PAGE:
I wish you knew how hard it is to share with you the difficulties that I face, day in day out. To keep a professional distance, when all I want to do is tell you, ‘I’m struggling too’.
I wish you knew how helpless, powerless, frustrated, under pressure, angry and undervalued I can feel in a single day.
I wish you knew how often I sneak away to the toilet to cry because the pressure of the work I do takes its toll.
But I need you to know that you’re my number 1.
That I don’t normally feel like this.
That being on the sofa with you at the end of the day is the best part.
I wish you knew.
Dear public of Scotland
I wish people knew how hard it was to get social care for those in genuine need. They’ve paid their taxes for years and years then when they need help they are told there is no money to fund their care. It’s frustrating as a worker for a voluntary organisation there to help people understand their self directed support options and support them to get assessed that so few meet the strict criteria for care. How do you tell someone they aren’t able to get help when their next door neighbour gets help with personal care and to do social activities? How do you explain that 5 years ago things were ok but now there is no money and only the most critical cases will be given money for personal care? What happens to everyone else? We can only do so much.
It’s saddening going out to see people who have to use their own money to pay carers because they only get the bare minimum about of money for care which no where covers what they need. Seeing people housebound because social hours are no longer funded so people are left in their house isolated and lonely and lacking in vitamin D.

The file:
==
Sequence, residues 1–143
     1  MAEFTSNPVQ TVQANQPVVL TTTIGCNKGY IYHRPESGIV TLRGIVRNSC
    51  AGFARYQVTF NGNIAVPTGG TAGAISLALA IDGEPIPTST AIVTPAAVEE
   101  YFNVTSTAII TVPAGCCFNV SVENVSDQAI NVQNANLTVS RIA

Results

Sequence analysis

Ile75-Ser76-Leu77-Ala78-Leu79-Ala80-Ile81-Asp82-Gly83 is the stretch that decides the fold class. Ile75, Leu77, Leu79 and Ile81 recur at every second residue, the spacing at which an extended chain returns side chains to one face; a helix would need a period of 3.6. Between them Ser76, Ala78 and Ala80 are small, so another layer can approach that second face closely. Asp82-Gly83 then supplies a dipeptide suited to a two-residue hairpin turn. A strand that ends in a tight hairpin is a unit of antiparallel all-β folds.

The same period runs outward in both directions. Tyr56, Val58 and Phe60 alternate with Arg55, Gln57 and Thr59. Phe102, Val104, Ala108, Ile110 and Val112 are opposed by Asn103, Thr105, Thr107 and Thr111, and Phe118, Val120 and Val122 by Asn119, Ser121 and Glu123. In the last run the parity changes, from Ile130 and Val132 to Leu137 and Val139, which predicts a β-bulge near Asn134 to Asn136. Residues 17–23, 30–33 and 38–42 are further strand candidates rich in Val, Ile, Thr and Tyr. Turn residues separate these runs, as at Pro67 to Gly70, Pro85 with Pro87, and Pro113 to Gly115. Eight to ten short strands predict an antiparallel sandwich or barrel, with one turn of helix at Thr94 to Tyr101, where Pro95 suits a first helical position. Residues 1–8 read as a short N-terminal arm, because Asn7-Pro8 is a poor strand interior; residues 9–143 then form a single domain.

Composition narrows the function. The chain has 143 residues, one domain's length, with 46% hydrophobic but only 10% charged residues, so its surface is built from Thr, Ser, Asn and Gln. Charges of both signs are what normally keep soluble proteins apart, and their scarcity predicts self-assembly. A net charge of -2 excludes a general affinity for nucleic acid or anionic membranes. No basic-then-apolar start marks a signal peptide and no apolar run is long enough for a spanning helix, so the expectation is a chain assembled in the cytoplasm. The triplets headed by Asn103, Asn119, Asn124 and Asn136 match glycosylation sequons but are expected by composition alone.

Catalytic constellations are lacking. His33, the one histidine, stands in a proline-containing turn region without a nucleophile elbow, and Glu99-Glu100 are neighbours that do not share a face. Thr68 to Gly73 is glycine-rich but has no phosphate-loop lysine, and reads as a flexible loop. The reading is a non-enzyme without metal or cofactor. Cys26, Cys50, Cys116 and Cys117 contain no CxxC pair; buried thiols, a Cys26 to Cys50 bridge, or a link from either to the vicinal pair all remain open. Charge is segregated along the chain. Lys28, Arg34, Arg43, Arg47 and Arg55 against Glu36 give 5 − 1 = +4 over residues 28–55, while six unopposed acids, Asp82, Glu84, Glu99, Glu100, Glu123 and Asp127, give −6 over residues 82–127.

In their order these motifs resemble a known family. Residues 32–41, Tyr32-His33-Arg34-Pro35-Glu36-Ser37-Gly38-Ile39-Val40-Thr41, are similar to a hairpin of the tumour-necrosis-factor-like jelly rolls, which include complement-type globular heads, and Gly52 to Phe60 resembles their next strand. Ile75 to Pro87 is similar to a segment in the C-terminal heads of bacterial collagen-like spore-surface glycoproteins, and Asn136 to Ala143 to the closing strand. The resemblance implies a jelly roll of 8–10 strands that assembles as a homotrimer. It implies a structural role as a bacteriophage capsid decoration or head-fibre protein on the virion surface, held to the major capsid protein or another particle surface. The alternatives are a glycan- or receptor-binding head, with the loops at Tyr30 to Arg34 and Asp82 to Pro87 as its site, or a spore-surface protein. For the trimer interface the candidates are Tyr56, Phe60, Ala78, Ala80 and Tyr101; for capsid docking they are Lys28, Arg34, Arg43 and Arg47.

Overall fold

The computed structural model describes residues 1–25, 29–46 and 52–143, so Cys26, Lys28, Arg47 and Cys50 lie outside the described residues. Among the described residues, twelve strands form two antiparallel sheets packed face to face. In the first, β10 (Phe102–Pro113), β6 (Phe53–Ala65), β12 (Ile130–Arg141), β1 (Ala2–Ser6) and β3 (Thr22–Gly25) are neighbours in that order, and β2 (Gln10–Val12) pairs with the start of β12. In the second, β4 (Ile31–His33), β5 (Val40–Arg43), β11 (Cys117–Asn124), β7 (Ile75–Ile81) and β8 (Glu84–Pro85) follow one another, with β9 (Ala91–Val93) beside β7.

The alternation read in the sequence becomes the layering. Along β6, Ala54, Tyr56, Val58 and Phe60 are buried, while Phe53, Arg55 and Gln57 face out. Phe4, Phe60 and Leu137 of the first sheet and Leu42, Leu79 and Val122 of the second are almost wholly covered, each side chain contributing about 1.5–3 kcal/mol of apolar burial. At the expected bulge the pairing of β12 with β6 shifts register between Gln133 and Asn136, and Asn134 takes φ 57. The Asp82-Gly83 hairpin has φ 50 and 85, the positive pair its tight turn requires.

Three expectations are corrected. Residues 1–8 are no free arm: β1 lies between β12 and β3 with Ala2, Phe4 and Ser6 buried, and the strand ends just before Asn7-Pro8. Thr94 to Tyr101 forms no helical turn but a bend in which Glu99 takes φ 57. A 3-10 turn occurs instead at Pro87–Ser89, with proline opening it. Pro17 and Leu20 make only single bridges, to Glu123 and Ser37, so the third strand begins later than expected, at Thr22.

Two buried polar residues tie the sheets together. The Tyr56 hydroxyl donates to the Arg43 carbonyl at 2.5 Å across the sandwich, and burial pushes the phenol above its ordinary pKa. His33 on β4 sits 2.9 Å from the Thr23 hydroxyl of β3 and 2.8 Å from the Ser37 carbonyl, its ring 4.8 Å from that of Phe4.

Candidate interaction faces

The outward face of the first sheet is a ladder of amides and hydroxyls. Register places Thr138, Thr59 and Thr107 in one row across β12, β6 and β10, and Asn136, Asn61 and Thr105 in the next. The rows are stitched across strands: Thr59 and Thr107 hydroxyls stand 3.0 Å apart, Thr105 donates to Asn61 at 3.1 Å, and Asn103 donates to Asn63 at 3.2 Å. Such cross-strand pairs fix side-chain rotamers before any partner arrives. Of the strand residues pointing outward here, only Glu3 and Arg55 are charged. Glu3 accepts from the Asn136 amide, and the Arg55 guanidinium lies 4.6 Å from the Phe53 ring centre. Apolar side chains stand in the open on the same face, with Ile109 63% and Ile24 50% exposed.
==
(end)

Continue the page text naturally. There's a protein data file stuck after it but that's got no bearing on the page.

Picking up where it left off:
Deciding whether to share my own experiences with those I work with is a difficult choice. Do I tell people that I personally receive self directed support and tell them what I use it for? Share my experiences and let them know I’ve been there, that I know what it’s like. Or might that make them more frustrated that they can’t get help when others around them have support in place.
Being a worker and a receiver of care can be brilliant but also difficult. I come with an understanding of disability and social care from a personal perspective and also a worker’s perspective. I can empathise with people but often am judged because of my personal background – people see that before my job. I want people to know that people with lived experience are the best to work in this field as they understand what people are going through and that makes people trust them. See the person before their disability. Just because someone has a disability or receives care doesn’t mean that they can’t work in social care. They can have just as much work experience and qualifications as anyone else, sometimes even more.
Everyone needs to do more to ensure those that need help get it. Bring back the community spirit where everyone helped each other, support your neighbours who are elderly or disabled by providing company or offering to do their shopping. It doesn’t need to be much but it shows people care.